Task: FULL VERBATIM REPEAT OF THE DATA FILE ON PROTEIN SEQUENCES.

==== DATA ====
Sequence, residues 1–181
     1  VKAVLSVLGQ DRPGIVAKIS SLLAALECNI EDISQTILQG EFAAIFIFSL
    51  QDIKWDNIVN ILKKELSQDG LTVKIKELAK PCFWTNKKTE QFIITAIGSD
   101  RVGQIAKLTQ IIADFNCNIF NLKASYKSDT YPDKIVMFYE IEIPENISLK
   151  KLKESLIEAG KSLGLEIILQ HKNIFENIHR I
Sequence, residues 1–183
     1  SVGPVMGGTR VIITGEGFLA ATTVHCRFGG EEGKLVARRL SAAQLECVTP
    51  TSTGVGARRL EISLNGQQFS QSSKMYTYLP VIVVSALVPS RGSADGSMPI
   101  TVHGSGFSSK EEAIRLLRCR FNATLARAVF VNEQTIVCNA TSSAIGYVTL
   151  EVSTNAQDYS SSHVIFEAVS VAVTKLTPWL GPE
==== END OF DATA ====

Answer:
Sequence, residues 1–181
     1  VKAVLSVLGQ DRPGIVAKIS SLLAALECNI EDISQTILQG EFAAIFIFSL
    51  QDIKWDNIVN ILKKELSQDG LTVKIKELAK PCFWTNKKTE QFIITAIGSD
   101  RVGQIAKLTQ IIADFNCNIF NLKASYKSDT YPDKIVMFYE IEIPENISLK
   151  KLKESLIEAG KSLGLEIILQ HKNIFENIHR I
Sequence, residues 1–183
     1  SVGPVMGGTR VIITGEGFLA ATTVHCRFGG EEGKLVARRL SAAQLECVTP
    51  TSTGVGARRL EISLNGQQFS QSSKMYTYLP VIVVSALVPS RGSADGSMPI
   101  TVHGSGFSSK EEAIRLLRCR FNATLARAVF VNEQTIVCNA TSSAIGYVTL
   151  EVSTNAQDYS SSHVIFEAVS VAVTKLTPWL GPE